From the fauns and satyrs of ancient Greece to the modern-day labradoodle, humanity’s fascination with hybrid creatures spans the ages. As a principle, what’s not to like? You take the most compelling aspects of two (or more) disparate things and combine them into something new. Realistically, though, the results don’t always turn out as one might wish. Just ask the guy who created the spork.
For better or for worse, that’s how we’ve long considered the hybrid wine grape. As a family, hybrids are born out of crossing the European Vitis vinifera vine species (the one responsible for giving us pinot noir, chardonnay and pretty much every other grape we know by name) with the wild-growing North American Vitis labrusca and Vitis riparia. These ampelographic underdogs were initially bred not so much for their quality, but for their disease resistance and ability to withstand extreme cold. So while they can survive the frigid winters of Vermont or Ohio, conventional wisdom has historically written them off as vinis non grata when it comes to making great wine.
Given the tendency of certain hybrids to exhibit the intensely floral, musky flavors known as “foxiness” (think Welch’s grape jelly, but not in a good way), France and Italy have banned hybrids from classified wine production for decades. In America, early examples like cayuga, concord and catawba enjoyed a brief heyday during the first decades of the 20th century, fueling local wine industries across the Northeast and Midwest. But then came Prohibition, and by the time we woke up from the collective stupor, our hopes had already turned toward California, a place far more compatible with the nation’s newfound “fine wine” ambitions.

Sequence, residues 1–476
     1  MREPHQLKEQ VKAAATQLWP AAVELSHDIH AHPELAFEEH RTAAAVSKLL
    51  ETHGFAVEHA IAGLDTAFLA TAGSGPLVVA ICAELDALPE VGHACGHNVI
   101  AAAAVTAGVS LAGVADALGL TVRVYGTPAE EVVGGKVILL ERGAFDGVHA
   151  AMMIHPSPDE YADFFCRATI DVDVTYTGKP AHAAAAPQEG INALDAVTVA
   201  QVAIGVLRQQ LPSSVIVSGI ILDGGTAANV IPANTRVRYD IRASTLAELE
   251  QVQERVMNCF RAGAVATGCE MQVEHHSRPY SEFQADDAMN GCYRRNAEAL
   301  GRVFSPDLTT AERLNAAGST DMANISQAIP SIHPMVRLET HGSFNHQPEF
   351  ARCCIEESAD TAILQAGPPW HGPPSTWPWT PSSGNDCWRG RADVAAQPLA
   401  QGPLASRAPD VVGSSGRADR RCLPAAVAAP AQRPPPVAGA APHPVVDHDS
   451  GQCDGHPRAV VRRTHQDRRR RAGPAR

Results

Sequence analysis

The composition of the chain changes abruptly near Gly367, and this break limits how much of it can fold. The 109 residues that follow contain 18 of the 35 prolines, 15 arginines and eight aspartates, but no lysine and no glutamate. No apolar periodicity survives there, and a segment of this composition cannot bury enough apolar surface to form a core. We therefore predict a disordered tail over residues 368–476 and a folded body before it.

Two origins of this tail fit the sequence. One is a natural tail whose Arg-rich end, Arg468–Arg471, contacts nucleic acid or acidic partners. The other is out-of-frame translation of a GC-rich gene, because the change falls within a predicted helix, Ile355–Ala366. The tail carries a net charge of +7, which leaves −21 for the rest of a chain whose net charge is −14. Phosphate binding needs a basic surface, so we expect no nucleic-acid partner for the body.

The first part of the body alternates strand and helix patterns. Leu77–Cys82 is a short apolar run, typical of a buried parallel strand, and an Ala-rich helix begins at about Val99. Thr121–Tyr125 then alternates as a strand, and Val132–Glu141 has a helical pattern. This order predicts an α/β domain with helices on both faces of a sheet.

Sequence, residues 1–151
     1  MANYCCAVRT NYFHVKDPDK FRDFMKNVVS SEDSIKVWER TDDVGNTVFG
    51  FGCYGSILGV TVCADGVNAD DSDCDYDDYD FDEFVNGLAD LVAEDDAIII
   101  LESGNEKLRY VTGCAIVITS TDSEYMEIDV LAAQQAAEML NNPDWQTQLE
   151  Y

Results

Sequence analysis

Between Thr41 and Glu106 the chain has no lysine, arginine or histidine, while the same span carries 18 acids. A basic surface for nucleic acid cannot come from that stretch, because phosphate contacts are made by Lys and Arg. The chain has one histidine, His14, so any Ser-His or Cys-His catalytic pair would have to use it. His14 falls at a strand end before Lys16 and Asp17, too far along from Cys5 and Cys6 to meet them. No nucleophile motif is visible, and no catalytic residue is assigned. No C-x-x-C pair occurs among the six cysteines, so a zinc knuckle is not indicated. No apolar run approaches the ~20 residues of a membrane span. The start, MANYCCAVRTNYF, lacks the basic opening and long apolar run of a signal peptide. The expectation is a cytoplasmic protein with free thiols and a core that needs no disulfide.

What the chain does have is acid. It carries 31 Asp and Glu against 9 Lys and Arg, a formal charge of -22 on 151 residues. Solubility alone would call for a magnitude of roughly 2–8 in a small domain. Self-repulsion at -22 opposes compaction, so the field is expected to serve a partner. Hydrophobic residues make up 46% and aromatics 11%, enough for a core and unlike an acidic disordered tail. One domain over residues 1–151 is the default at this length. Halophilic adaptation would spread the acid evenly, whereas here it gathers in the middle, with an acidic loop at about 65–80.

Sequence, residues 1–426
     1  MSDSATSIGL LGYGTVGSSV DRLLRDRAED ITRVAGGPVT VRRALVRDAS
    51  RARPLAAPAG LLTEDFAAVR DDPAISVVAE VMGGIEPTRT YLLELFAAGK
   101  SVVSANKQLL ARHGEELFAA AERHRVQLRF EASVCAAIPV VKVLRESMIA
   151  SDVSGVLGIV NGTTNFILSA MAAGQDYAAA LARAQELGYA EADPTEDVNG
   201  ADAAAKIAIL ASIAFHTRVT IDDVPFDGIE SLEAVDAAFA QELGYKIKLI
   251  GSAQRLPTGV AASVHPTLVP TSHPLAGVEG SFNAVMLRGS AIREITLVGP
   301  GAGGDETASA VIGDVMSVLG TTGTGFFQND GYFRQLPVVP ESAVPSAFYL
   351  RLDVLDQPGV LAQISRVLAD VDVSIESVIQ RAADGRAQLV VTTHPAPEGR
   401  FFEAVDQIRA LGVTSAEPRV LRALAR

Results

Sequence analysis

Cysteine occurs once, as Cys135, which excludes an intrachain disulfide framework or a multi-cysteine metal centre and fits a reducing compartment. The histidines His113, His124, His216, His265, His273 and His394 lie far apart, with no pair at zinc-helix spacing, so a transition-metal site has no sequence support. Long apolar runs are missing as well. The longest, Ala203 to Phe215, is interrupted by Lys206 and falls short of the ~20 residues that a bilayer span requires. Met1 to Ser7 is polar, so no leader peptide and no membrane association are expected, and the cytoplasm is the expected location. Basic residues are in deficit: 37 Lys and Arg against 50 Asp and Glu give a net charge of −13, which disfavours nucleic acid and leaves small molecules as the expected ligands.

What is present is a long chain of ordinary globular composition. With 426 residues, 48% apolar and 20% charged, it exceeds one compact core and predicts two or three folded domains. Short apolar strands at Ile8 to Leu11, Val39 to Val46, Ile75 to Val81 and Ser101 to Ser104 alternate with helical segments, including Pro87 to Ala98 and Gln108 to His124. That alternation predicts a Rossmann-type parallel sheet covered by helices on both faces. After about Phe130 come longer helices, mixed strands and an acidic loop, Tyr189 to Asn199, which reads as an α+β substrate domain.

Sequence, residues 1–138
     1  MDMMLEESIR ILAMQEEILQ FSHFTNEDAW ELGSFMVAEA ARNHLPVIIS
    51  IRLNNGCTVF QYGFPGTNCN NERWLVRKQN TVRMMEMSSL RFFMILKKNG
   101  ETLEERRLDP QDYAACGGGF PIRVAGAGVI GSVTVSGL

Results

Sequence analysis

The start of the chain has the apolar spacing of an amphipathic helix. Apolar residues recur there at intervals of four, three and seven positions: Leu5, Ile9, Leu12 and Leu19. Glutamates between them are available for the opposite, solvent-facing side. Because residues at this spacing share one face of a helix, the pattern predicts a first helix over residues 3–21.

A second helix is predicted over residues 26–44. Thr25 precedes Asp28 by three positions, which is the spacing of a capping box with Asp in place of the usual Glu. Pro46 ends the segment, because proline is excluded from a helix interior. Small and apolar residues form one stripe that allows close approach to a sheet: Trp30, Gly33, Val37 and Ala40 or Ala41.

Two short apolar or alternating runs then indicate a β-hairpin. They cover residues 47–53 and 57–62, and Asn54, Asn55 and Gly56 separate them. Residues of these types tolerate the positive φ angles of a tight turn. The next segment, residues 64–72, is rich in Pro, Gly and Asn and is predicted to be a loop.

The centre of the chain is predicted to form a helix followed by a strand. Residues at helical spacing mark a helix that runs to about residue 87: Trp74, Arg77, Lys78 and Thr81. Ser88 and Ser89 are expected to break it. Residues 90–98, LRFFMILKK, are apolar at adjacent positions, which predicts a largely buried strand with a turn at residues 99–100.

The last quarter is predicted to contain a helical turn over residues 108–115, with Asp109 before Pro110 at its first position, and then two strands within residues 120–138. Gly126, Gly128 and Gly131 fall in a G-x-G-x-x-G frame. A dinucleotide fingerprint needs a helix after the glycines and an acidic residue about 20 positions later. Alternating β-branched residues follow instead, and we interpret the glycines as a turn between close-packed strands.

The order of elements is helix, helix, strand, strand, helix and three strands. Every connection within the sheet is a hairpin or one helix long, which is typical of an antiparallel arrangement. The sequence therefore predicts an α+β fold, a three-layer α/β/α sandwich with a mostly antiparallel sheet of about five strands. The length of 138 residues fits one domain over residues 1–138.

In short, if you had predicted 10 years ago that hybrid wines would not only be considered cool, but eventually come to represent one of the most exciting movements in American wine, nobody would have believed you. And yet that is exactly where we are today. From New York’s Finger Lakes and Hudson Valley regions to Maryland, Vermont and even Maine, a small but growing band of winemakers has embraced hybrids with the respect traditionally reserved for vinifera grapes. In the process, they’re adding a whole new frontier to the U.S. wine scene that pulls from every page of the postmodern playbook.